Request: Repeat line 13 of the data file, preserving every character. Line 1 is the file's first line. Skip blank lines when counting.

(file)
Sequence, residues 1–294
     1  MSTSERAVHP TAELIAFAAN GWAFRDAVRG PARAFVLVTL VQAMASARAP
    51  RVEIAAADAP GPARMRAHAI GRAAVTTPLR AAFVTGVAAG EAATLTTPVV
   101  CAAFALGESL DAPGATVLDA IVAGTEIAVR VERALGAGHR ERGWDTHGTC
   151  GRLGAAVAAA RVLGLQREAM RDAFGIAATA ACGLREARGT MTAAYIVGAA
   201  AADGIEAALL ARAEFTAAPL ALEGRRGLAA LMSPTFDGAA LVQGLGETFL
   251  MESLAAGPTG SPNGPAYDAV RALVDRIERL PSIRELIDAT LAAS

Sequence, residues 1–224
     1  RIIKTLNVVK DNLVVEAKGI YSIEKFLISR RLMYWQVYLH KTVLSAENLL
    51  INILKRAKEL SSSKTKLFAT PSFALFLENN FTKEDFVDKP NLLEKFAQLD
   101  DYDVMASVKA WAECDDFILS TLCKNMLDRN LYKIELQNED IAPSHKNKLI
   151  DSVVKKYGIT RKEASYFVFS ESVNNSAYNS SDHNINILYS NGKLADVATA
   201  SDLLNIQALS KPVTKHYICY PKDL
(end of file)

   201  SDLLNIQALS KPVTKHYICY PKDL